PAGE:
Yesterday when I was trying to figure out what to make for dinner, I typed in “garlic parmesan pasta” because those were the ingredients I definitely had on hand. I wanted something very simple but still tasty. Everyone likes pasta. Plus it’s wonderful comfort food for a cool fall Monday.
The recipe that I found is a “one pot” pasta recipe which means literally everything goes in the pot, including not just the liquid and the pasta but all the seasonings. You wouldn’t think this would work but I swear on my life it works — and beautifully at that. But you must trust the process.
The one thing I added to this One Pot Garlic Parmesan Pasta recipe is frozen meatballs into the bubbling mixture because I felt like the meal needed some protein, and my 12 year old and my husband love meatballs. So do I, but since I try to stick to a lower animal protein diet, I added some vegan meatballs to mine.
Speaking of changes, I also opted to put the parmesan at the table instead of into the recipe — my daughter doesn’t love a cheesy mess (unless it’s pizza? Sometimes she’s weird) and letting people determine the amount of cheese means less cheese usually gets used. So it’s a win for the pocketbook as well as the overall calorie count of the meal.
So, try this recipe next time you need something super quick, simple and easy to clean up after.
School starts tomorrow! The beginning of a new school year always feels a little like January 1st to me. It’s a time for me to set new goals, decide how I want the year to go, change old habits that don’t serve me, and think of new ways to approach the daily grind. It’s very exciting.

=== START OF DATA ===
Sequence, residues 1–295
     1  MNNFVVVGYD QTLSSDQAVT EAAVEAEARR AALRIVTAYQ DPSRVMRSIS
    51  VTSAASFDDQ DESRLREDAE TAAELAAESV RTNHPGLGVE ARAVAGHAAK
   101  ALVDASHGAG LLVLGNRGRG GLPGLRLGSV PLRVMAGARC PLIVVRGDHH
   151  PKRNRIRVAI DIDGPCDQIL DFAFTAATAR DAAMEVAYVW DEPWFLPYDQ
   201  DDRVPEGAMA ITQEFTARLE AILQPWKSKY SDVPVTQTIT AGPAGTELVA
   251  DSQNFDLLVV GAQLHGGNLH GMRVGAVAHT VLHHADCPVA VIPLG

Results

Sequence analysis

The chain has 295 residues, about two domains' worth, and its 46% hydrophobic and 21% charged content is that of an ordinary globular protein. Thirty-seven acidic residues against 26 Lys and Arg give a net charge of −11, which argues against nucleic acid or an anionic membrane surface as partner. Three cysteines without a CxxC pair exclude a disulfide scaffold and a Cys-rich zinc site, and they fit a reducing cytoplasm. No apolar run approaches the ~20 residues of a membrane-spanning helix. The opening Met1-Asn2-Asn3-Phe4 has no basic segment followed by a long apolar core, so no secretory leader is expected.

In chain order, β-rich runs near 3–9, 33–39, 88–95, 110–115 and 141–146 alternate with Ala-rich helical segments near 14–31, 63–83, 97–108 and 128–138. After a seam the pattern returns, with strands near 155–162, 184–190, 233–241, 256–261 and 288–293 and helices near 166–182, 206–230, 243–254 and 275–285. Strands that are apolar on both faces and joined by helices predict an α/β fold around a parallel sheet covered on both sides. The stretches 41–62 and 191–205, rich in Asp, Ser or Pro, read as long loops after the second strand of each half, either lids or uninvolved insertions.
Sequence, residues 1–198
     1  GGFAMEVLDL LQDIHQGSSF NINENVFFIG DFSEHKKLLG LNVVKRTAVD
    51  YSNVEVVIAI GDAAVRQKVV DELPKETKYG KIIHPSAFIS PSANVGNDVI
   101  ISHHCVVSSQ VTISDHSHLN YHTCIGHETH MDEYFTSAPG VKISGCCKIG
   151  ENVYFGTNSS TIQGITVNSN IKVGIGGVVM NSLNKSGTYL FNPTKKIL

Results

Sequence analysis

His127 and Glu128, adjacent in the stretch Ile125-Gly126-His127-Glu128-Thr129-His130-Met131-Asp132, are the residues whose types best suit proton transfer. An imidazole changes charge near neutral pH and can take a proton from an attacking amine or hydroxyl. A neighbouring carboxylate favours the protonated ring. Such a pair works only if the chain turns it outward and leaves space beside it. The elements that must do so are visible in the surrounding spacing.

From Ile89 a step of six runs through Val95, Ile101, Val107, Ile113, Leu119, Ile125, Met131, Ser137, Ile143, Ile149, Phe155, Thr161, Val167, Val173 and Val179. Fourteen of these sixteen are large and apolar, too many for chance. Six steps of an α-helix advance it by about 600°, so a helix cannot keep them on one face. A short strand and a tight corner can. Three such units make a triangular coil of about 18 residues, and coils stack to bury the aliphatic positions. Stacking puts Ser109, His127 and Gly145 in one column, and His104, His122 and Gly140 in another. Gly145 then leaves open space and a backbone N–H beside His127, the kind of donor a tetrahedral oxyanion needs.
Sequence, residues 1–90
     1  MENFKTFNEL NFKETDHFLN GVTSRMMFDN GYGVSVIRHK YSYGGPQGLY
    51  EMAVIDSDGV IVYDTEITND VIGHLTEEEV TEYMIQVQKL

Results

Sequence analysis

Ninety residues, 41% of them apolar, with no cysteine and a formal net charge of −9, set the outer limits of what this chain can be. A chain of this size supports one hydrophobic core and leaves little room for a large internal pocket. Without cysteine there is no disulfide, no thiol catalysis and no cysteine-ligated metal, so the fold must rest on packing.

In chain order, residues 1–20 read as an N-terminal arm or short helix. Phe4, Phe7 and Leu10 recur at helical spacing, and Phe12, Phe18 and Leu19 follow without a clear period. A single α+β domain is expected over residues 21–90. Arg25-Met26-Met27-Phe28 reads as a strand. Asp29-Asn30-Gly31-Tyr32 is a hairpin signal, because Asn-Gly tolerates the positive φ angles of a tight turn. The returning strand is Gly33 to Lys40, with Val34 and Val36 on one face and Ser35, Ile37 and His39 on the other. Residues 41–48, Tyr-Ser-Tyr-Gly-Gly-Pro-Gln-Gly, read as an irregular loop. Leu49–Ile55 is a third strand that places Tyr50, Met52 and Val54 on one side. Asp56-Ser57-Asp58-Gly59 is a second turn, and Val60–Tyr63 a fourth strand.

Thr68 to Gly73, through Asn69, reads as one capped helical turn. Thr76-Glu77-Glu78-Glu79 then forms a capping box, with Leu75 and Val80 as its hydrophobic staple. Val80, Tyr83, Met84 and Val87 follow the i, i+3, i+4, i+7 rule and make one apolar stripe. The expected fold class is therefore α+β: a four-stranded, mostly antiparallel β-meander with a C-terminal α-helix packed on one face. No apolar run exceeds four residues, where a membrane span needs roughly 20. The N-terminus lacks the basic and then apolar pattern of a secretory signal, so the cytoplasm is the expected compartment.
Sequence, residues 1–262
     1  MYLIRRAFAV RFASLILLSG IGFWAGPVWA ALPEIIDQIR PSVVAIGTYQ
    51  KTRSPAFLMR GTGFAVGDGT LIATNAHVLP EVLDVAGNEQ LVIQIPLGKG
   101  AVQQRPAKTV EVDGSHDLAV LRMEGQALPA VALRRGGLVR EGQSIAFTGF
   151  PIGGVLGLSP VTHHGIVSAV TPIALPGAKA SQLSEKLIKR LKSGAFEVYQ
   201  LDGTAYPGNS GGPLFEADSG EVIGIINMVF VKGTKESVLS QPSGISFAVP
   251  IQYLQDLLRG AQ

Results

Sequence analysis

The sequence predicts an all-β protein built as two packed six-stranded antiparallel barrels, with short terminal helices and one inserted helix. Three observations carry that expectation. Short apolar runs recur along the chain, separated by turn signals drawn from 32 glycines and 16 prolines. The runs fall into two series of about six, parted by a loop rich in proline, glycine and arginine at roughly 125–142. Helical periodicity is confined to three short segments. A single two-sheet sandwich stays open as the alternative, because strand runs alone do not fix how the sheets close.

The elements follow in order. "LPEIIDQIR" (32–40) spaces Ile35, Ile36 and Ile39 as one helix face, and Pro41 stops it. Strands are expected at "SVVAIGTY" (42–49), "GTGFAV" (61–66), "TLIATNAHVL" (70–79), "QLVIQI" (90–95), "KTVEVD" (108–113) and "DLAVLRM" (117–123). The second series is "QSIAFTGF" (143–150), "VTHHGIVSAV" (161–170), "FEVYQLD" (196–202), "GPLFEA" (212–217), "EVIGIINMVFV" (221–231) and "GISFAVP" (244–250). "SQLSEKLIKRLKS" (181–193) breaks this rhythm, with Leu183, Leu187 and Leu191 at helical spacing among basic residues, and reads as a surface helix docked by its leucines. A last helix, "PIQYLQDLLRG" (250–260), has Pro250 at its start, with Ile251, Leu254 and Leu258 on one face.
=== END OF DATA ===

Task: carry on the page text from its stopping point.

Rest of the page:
I started to get really excited about this just yesterday, when I was cooking a whole chicken in the crock pot for chicken noodle soup while simultaneously making my family’s favorite Pasta Caprese for dinner. This summer was a perfect storm of a very busy activities calendar for my 12 year old, a giant volunteer project for me that required hundreds of hours of work, and some weird virus I fought from May through August that left me feeling totally depleted. Cooking for me is a joy when I feel like doing it. Otherwise it just feels like another obligation. So, cooking (truly cooking, not just assembling quesadillas and sandwiches) was one of the first things I ditched when I felt overwhelmed. I have to be honest, it was fantastic for a while. But, now I am feeling better and so I got the itch to cook again yesterday, and it felt good to be back.